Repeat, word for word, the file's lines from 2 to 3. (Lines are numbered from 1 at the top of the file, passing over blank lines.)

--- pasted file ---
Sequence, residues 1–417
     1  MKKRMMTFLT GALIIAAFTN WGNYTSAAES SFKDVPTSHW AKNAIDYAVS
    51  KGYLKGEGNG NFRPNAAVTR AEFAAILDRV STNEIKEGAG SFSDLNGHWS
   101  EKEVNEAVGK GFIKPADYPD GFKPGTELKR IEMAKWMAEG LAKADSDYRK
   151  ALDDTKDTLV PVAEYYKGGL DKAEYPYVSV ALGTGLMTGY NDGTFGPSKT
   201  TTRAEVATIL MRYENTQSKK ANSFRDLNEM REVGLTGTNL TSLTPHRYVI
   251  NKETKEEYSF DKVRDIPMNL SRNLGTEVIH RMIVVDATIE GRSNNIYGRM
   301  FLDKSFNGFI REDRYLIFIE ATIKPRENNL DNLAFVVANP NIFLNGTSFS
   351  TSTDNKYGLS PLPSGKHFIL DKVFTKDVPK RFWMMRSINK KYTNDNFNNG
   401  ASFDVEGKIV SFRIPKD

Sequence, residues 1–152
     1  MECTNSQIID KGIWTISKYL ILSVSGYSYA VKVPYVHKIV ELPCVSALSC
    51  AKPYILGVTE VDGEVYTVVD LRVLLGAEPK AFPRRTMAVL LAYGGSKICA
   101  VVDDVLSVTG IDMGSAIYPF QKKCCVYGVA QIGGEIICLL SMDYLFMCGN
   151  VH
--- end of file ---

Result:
     1  MKKRMMTFLT GALIIAAFTN WGNYTSAAES SFKDVPTSHW AKNAIDYAVS
    51  KGYLKGEGNG NFRPNAAVTR AEFAAILDRV STNEIKEGAG SFSDLNGHWS